Subgroups of working memory deficits and reading comprehension.
Rationale : Investigating the relationship between working memory and reading comprehension will lead to an improved understanding of the nature of working memory and will reveal how working memory contributes to reading comprehension failure. A pattern of working memory deficits will determine if ‘signature’ working memory profiles exist which will assist in the diagnosis and treatment of children with reading comprehension difficulties. Aims : (1) To explore the relationship between working memory and reading comprehension to determine if there are ‘signature’ working memory profiles that distinguish subgroups of Grade 5 English language learners with different comprehension capabilities. (2) To determine if a domain-specific or general working memory system is implicated in reading comprehension. (3) To explore the particular role played by the episodic buffer zone in reading comprehension. Method : Eighty Grade 5 English learners were tested on the GORT-4, AWMA and CELF- 4 Recalling Sentences Subtest. Based on their accuracy/decoding and comprehension scores on the GORT-4, participants were assigned to one of four reading ability groups: Skilled Reader Group; Reading Disabled Group; Poor Comprehender Group; or Poor Fluency Group. Comparison of mean standard scores determined how the four reading ability groups fared on the five memory components. Correlation and regression methods investigated the relationships between the five working memory variables and reading comprehension across the four reading ability groups. Results : Working memory plays a role in reading comprehension. The Skilled Reader group displayed intact working memory profiles, whilst the Reading Disabled group performed in the low average range on four working memory variables and below average on the fifth viz. sentence recall. The Poor Comprehender group’s working memory performance resembled that of the Skilled Reader group on two working memory variables. The Poor Fluency group performed below average on visuo-spatial short-term memory. These findings gave evidence of the inter-play between domain-specific and domain-general components of working memory during the complex task of reading comprehension. In addition, the findings highlighted the predictive role of sentence recall, as well as that of verbal working memory in reading comprehension. The episodic buffer was shown to play an important binding function between fluid and crystallised knowledge. The results suggested that reading comprehension was affected by a learner’s working memory capacity, however, working memory alone did not account for variations in performance. Lower-order and higher-order cognitive processes, as well as the interaction between fluid and crystallised knowledge appear essential to authentic reading. This has ramifications for prevention and remediation of reading comprehension deficits and underscores the important role of the speech therapist in literacy promotion.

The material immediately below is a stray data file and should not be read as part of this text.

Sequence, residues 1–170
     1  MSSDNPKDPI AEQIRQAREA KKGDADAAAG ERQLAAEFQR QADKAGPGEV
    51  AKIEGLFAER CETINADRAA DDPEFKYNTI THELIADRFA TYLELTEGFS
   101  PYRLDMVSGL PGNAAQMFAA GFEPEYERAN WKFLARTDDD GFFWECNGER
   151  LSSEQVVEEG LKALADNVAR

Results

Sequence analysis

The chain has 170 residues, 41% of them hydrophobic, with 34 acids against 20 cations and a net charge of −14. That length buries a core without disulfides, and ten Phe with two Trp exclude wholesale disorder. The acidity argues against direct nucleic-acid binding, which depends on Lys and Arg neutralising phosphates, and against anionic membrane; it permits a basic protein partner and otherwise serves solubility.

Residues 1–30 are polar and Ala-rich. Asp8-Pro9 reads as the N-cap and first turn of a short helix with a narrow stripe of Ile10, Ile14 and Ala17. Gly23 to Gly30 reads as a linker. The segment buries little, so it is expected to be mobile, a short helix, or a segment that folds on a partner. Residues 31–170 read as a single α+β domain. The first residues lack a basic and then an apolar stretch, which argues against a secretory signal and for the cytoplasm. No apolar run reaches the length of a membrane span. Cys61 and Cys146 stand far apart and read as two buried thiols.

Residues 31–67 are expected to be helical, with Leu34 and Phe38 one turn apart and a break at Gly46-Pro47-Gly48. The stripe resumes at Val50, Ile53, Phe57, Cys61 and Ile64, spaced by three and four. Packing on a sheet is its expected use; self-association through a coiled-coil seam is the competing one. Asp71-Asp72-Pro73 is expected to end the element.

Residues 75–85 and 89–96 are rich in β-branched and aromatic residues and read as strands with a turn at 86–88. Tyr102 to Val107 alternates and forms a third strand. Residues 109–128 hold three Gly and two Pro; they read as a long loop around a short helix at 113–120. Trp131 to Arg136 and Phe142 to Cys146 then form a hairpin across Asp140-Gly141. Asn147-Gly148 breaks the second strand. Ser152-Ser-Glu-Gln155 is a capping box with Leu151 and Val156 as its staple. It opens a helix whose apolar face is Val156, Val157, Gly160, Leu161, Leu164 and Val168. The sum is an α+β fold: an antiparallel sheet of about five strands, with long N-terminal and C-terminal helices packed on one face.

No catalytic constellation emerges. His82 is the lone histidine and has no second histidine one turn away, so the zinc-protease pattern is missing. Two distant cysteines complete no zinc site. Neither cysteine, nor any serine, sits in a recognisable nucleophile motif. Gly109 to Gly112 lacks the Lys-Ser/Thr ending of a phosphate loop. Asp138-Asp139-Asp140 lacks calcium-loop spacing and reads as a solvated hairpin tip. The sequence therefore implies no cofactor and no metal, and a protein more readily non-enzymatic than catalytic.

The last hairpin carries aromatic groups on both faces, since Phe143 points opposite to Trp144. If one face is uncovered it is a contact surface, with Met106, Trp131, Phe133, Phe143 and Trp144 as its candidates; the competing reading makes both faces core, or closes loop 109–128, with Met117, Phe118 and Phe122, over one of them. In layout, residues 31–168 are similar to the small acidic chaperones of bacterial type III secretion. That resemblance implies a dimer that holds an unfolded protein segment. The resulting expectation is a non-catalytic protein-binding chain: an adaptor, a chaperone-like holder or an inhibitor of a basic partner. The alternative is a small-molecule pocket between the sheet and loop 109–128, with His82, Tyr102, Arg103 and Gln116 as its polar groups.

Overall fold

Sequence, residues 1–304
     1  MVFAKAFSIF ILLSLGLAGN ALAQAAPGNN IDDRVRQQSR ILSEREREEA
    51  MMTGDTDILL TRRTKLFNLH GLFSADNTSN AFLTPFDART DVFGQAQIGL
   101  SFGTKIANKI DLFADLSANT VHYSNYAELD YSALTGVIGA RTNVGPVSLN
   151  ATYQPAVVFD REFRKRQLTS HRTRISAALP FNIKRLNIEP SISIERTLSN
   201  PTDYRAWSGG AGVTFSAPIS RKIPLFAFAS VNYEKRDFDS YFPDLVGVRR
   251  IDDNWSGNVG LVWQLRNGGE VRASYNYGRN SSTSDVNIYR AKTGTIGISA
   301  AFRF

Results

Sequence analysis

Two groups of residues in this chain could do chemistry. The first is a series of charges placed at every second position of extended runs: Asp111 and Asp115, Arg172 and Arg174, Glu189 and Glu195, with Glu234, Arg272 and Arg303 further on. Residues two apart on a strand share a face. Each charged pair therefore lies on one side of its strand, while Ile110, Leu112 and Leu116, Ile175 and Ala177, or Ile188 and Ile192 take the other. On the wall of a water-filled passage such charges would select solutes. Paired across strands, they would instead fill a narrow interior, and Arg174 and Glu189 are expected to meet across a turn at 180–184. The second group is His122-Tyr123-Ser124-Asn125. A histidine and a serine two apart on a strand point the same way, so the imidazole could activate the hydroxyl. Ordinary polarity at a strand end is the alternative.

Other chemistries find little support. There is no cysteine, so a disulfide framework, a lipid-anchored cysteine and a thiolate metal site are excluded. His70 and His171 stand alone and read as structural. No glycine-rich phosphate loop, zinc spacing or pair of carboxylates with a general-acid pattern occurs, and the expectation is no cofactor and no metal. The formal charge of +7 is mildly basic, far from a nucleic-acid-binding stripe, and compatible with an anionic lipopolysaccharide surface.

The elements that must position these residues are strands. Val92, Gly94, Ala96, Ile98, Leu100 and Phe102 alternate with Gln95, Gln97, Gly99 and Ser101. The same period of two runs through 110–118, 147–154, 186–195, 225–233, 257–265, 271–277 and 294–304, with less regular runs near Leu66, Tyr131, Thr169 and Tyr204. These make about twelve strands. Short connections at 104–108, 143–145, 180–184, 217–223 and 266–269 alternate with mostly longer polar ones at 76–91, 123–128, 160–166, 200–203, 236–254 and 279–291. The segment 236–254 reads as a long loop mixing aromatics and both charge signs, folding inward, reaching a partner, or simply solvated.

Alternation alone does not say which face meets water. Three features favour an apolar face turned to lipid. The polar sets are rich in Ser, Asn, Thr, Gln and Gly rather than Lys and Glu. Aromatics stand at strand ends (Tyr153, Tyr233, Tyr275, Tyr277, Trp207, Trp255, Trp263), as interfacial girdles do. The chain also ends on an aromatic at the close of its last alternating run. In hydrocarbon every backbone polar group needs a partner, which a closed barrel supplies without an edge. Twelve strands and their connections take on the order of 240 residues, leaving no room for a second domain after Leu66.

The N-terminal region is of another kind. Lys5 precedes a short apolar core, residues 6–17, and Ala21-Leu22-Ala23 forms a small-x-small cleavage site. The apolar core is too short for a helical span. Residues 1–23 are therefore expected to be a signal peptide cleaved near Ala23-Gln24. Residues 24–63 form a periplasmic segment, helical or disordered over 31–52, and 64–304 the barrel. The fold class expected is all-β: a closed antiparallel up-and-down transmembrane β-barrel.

Working memory, Reading comprehension